HANNA, Marcus Alonzo

Bust length, dressed in dark jacket and bow tie, hair greying at the temples. Oil on canvas, mounted on board, 23.1/2″ x 19.1/2″ (59.7 x 49.5 cm), signed ‘A. Muller Ury’ lower centre.

Western Reserve Historical Society, 10825 East Boulevard, Cleveland, Ohio 44106, U.S.A. (68.83)

Estate of Mary Hanna Ross; gift of Peter Hanna in memory of Mary Hanna Ross (grand-daughter of the sitter, and aunt of the donor), 1988

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The sitter was born in New Lisbon (now Lisbon), Ohio on September 24, 1837. He began his career as an employee and later a partner in a wholesale grocery business until 1867. He then founded M.A. Hanna & Co. who sold coal, and became involved in other companies like the Globe Ship Manufacturing Co. of which he was a Director, and the Union National Bank, of which he was President. The sitter was a senator from 1897 to 1904, and directed the campaign for President William McKinley’s re-election in 1900. He died on February 15, 1904 and was buried in Lake View Cemetery, Cleveland.

Bibliography of the sitter:

Herbert David Croly, Marcus Alonzo Hanna, His Life and Work, 1912 Thomas Beer, Hanna, 1929

Perhaps painted in Cleveland, Ohio, end of 1902 or in 1903. In a letter in the artist’s papers, dated June 3, 1902, Hanna wrote from Washington that he hoped to see his portrait of McKinley but that ‘Concerning your desire to paint my portrait will say that I cannot make any engagement for a sitting, as it is impossible to find the time necessary and I am not so inclined at this time.’ However, after Senator Hanna’s death in 1904 the artist received a couple of letters from Mrs. C.A. Hanna in answer to a letter from the artist (both are undated, survive in the artist’s papers:

‘Dear Mr. Ury,

Your letter was received many days since, I see, by the date. But I have not been able to reply before, many days I cannot write, my hand trembles, and my heart is very heavy.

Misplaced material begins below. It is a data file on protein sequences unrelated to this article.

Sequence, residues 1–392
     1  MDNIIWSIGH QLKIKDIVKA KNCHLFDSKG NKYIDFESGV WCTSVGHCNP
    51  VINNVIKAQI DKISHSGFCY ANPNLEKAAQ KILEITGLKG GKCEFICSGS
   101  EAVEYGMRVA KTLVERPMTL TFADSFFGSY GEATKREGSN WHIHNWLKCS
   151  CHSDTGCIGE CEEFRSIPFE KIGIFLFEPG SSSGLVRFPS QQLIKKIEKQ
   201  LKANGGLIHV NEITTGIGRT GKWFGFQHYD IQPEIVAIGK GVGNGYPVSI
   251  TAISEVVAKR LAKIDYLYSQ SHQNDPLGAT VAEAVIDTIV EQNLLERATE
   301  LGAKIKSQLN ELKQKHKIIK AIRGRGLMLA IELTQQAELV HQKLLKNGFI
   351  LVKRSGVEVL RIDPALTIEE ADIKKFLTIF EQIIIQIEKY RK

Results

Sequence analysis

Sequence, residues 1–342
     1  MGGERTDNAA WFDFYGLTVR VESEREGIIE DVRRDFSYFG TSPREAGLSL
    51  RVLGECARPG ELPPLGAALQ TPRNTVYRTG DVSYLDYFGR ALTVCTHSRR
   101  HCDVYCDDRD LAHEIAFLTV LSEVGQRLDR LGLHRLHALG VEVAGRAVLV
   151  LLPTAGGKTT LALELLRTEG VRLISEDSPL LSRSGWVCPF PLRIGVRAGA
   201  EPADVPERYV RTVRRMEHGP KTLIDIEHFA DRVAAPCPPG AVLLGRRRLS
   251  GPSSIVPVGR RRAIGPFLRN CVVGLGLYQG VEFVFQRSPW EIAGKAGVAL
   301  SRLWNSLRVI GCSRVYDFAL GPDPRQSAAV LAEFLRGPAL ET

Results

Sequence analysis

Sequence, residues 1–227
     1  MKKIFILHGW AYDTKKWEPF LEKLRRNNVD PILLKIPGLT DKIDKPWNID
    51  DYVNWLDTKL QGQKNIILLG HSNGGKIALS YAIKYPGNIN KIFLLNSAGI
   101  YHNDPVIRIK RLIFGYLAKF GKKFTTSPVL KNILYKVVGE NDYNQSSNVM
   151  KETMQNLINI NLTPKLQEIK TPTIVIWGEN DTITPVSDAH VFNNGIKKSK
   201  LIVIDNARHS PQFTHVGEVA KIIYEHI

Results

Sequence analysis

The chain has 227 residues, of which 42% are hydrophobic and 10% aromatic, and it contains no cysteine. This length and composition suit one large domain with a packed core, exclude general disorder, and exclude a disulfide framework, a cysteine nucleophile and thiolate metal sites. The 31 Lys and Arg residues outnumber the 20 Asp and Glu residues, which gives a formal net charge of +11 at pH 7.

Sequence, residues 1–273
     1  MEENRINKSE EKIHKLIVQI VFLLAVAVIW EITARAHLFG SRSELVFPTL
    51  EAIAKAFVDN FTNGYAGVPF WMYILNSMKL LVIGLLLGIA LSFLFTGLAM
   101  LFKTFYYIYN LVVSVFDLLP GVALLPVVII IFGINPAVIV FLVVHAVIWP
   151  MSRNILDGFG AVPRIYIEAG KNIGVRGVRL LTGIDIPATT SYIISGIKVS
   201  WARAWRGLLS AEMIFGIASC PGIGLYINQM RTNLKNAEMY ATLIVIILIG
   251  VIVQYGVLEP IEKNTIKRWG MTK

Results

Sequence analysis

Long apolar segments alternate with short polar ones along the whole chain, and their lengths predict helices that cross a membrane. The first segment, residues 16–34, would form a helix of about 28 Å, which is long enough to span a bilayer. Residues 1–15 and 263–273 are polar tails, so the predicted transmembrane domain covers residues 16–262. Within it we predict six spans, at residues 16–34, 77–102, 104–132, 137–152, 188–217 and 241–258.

I should like very much to see the portrait you have painted on Mr. Hanna, as we are anxious to get the best possible likeness of him in an oil painting. But, unfortunately, I am not well enough to go to N. Y. fear I shall not be there before the fall.

But I will keep your address, and if there is no disposition made of the portrait before that time, will be very glad to see it. I should value Mr. Morgan’s opinion very highly, also Sen. Depew’s and any other of his intimate friends.

                      Most sincerely, Mrs. Mark Hanna.’

The other letter, probably written in New York, reads:

‘Dear Mr. Ury,

I wanted some of Mr. Hanna’s friends to see your portrait of him, as there are a number of portraits of him wanted for different purposes. My daughter has had one painted for me, by Zorn, which is entirely satisfactory, so it was not for myself, that I asked you to let me take it for a time. The gentlemen I have in mind have seen the portrait, but are not yet satisfied to buy it. It is too valuable a portrait for me to keep longer in my possession, so return it to you, but shall send Mr. Mather and Mr. Pope, gentlemen from Cleveland, who have two portraits to buy, one for the “Union Club,” and one for the “Chamber of Commerce.” I will give them letters of introduction to you.

          Thanking you for sending the portrait to me.

                       Most sincerely yours, Mrs. Mark Hanna.’